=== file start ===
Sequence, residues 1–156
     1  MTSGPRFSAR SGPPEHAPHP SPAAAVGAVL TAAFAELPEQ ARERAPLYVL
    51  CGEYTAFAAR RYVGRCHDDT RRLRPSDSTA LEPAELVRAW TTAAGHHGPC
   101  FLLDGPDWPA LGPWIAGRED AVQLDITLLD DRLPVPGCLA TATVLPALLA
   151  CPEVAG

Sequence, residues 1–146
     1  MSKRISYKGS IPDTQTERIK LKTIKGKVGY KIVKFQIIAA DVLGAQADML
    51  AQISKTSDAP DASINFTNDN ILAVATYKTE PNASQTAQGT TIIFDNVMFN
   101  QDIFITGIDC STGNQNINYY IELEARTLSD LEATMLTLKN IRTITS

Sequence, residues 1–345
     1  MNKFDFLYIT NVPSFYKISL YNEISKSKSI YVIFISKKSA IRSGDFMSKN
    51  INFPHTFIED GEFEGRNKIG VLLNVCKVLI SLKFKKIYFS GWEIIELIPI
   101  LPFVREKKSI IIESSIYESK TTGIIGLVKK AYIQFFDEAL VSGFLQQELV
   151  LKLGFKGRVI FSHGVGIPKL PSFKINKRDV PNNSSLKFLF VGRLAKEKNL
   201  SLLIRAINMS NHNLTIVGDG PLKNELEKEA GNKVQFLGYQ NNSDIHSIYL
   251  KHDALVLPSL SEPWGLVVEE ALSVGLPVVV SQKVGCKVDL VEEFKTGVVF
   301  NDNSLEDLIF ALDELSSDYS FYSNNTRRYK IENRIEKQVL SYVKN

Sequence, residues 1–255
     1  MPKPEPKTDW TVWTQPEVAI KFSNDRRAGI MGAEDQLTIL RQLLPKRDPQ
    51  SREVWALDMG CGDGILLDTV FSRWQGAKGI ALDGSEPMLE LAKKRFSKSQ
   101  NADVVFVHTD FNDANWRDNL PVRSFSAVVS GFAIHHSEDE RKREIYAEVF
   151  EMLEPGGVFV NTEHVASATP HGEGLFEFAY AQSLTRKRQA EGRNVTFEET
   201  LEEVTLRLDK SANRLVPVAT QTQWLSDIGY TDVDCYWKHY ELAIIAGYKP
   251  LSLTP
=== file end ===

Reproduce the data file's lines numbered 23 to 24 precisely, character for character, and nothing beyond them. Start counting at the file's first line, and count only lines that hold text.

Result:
   201  LEEVTLRLDK SANRLVPVAT QTQWLSDIGY TDVDCYWKHY ELAIIAGYKP
   251  LSLTP